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Thread: Interested and saying hello from Seattle...

  1. #1

    Interested and saying hello from Seattle...


    My wife and I are both interested in a log home and started out looking in the kit home direction. We're seeking the most economical way to get a beautiful retirement home on acreage somewhere on Olympic Peninsula. We have a goal of having a space allowing multiple dwellings eventually . We're at the very starting gate - just started looking at land or land a few weeks ago.

    I hit upon the LHBA site, read some pages, and they turned me away from the kit idea. Early in our marriage we rehabbed an old home, flipped it, and paid off our student debt. Now the question would be as we enter our 60s whether we'd have what it takes to build a log home we'd truly love on our own (or with help not yet specified).

    I'm interested in how to scope land - I know you have soil requirements for septic, but what about for siting a home? Does the building methods for LHBA involve use of a cement foundation?

    We'd hope for a home in the 1400 to 1700 square foot range - room enough to take in guests. How ambitious is it to think of two people with no significant health infirmities (but also not spring chickens!) and maybe some friends to help here and there pulling this off?

    Is there general advice others who are underway might have for someone investigating this idea and feeling enthusiastic?

    Yes, we are thinking about the training in May - I read the positive feedback about it and trust its the real deal. Not quite ready to pull the trigger on that, but considering it.

    Thanks for your thoughts!

    Dave & Sue

  2. #2
    LHBA Member
    Join Date
    Nov 2013
    This will be echoed, take the class. It can be done at almost any budget as long as you put in the work.

  3. #3
    LHBA Member
    Join Date
    Apr 2005
    Building in north Idaho
    Lots of us non-spring chickens over on the members side Sounds as if you already have some construction experience, which is helpful (but not required - many of us old dogs have learned a number of new tricks during this build!) If you're willing to take your time, you can do it. Just enjoy the process and don't expect it to be finished tomorrow.

  4. #4
    welcome anisahoni. we too are building our retirement home. we're working on it bit by bit as we have money and time by the time we're ready to retire, we'll be finished.
    Sara's right. it won't be done over night and enjoying the process and the time we spend working together is important.

    glad you're here. spend some time getting to know us ask questions

  5. #5
    LHBA Member rreidnauer's Avatar
    Join Date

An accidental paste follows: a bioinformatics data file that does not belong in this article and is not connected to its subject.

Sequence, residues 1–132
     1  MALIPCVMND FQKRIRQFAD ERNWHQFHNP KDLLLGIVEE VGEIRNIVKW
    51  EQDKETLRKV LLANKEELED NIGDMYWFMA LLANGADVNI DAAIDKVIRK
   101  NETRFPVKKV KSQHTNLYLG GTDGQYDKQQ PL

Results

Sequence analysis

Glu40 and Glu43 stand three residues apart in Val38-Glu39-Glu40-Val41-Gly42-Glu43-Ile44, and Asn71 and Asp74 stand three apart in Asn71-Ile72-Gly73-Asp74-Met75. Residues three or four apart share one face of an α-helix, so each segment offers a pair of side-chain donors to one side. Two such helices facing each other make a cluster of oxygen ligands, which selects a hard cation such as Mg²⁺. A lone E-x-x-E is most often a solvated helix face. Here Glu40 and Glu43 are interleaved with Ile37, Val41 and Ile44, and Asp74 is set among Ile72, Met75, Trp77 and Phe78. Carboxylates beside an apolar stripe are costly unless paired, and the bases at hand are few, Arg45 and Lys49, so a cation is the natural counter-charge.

Mar 2005
    Allegheny highlands
    I'm one of the "youngin's" at age 45 in this group. There are several folks who are or have built, who are in their 70's. (Vern Street is a name that immediately comes to mind) But age, in regards to feasibility, is mostly irrelevant. What really matters is, how active you are. (especially important after the age of 60) The human body does not tolerate inactivity well. How many times have we heard of someone dying several months after retiring? Newton was right. A body in motion, tends to stay in motion! Building will keep you healthy, as long as you can managed to not get hurt. (which will make you inactive, which initiates the downward spiral) Work slow, methodical, and deliberate, and stay out of "pinch points" and you have little reason not to be successful.

    Another aspect of the LHBA way, is this is more than a technique. It is also a community. Chances are good that there will be free help available from other members. I've helped on four builds, and really appreciate the experience gained while doing so. It's a win-win situation for both the property owner and the volunteers.
    Last edited by rreidnauer; 03-26-2017 at 07:44 AM.
    All my bad forum habits I learned from LHN

    Rod Reidnauer
    Class of Apr. 9-10, 2005
    Thinking outside the vinyl sided box

  6. #6
    LHBA Member
    Join Date
    Apr 2010
    East TN, Western NC
    Blog Entries
    We are are 65 and 68, with some health issues on both sides but of a background that fosters hard work and do it you self. We are hiring by the hour help when we need an extra person but we have a wonderful old construction man that works cheap and hard and adds a lot of insider tips and experience. It hasn't been easy and it gets harder as the years go by. My thought is get it going asap so you get the heavy lifting done sooner than later, then you will know if you want to go forward with additional structures. Age itself has nothing to do with can or can't. That is in your head. I say get to the class and you will benefit from having gone either way you go. Your are in an area where there are a number of old and new builds not to far away.

  7. #7
    Thanks allen84, We're definitely talking about signing up for it...

  8. #8
    Thank you Mosseyme, This is helpful - we're both pretty fit at this point - I'm closing in on 61, my wife is 59. She's a middle school teacher and works a hell of a lot harder than I do...

  9. #9
    Thank you Rod, this all makes good sense. It's really nice to know about the community and mutual support that's out there...

  10. #10
    thank you Panderson - we tend to enjoy working on projects together, but we're a bit out of practice - we've lived in the city for the last 5 years and rented a house prior to that for about the same amount of time. The last time we were property owners working on building stuff for our own was about 12 years ago. We appreciate hearing about others doing this...

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